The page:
When I first heard about Solo, the big question I had wasn’t about the story or cast but the composer. Thankfully, John Powell was announced. Out of all the composers working today I think a select few, Powell included, are the best choices to succeed John Williams when he steps down after Episode IX. Going in, I had high expectations for Solo‘s score, not just because of Williams’ involvement but also due to Powell’s great track record.
Fittingly, Williams starts us off with “The Adventures of Han”, a jaunty piece that fits Han and is slightly reminiscent of the iconic “Raiders March”. Since Han didn’t really have a set theme before it makes sense Williams gives him one here. From here on out, it’s all Powell. “Meet Han” introduces us to Powell’s tone and it’s great. A drum undercurrent powers the piece, something that’ll happen more than once. I have no idea where this could be in the movie.
“Corellia Chase” gives Powell a chance to show off his action chops while incorporating Williams’ theme. The quick brass and whipping strings are on point. “Spaceport” morphs to a quieter piece with strings front and center while still retaining action vibes. “Flying with Chewie” continues the action from earlier until it quiets down to bring a sweeping, How to Train Your Dragon-esque melody along. If you haven’t guessed, this is probably where Han and Chewie fly together unless Powell likes to play jokes with his titles.
“Train Heist” (likely found during the train sequence from the trailer) gives us a moment to relax before throwing us into the heist with great Williams-style action. Here we get the first mention of an old motif, I believe it’s from A New Hope. “Marauders Arrive” contains the first appearance of an almost African-sounding choir mixed with another splendid blend of Williams and Powell’s styles.
I do want to take a moment and mention this style blend. If you’re familiar with the other Star Wars scores, it’s apparent that parts of the score sound like Williams and parts are Powell. Not only does it work well but also the styles don’t clash. It never feels like the music is two separate styles, fighting each other for dominance. Instead Powell makes them work together by adding the right amounts of each in the pieces.
“Chicken in the Pot” continues in the tradition of “Yub Nub” and “Jedi Rocks”, among others, of having a vocal piece in an alien language. This features an electronic beat with just enough strings to ground it into the score. I bet this takes place at a cantina, perhaps where Han meets Lando. “Is This Seat Taken?” continues a more playful tone; it sounds similar to a piece you might hear in a Persian market.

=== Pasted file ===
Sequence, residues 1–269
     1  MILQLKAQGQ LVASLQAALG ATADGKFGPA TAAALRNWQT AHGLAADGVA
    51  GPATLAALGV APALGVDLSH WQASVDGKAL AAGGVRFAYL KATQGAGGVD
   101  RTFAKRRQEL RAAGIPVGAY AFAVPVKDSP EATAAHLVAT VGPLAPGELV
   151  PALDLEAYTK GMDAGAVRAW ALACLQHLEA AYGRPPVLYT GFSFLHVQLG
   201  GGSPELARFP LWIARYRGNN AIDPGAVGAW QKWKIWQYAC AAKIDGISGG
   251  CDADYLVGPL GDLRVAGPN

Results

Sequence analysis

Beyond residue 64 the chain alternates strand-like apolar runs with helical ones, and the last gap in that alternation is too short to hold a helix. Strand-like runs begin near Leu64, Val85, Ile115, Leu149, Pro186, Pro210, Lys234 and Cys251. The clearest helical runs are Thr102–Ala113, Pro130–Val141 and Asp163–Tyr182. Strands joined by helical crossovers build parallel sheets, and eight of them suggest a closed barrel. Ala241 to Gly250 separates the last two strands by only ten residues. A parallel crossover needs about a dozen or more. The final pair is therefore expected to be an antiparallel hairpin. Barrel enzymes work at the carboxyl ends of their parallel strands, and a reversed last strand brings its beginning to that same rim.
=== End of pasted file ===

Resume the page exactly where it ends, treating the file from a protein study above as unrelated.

“L3 and Millennium Falcon” goes back to a quieter tone before introducing us to the Falcon. I know this because of the sudden swell and a second Williams motif lifted from A New Hope. The choir returns before it ends on a harsh note. “Lando’s Closet” keeps the strings front and center. It’s among the prettiest tracks in the score. “Mine Mission” brings action with a marching beat, Han theme playing throughout.
“Break Out” contains brass so fast and intricate you’d be forgiven if you thought Williams wrote it. It’s also one of the longer tracks at over six minutes and contains another New Hope motif. Softer music returns in “The Good Guy” before the last third throws more action and choir our way. “Reminiscence Therapy” is almost guaranteed to make every Star Wars fan smile.
“Into the Maw” keeps the action and motifs rolling. By now, I guess by now the movie would be going into or at it’s last third. “Savareen Stand-Off” introduces a darker tone and a brief choir line that harkens back to the Emperor’s theme from Return of the Jedi. That tone mostly continues in “Good Thing You Were Listening”.
We get a last burst of action in “Testing Allegiance”, probably the last action scene in the movie. It contains the most modern sound in the score so far, which is a slight letdown. Happily, it’s not there for long and the remaining track ignores it. Piano makes a brief appearance and if I’m not mistaken, it might be the first time piano’s been used in the franchise. “Dice and Roll” starts with an odd use of drums but it isn’t there for long as traditional music closes it all out.
I went in knowing that no matter what John Powell wrote it wouldn’t sound exactly like John Williams. So much for thinking that. Powell did a monumental job. He got the chance to show his ability and delivered. Its action-filled, fun, and most importantly (aside from a few moments) sounds like Star Wars. Regardless of your thoughts on the movie, check this out!
FINAL RATING: 4.7/5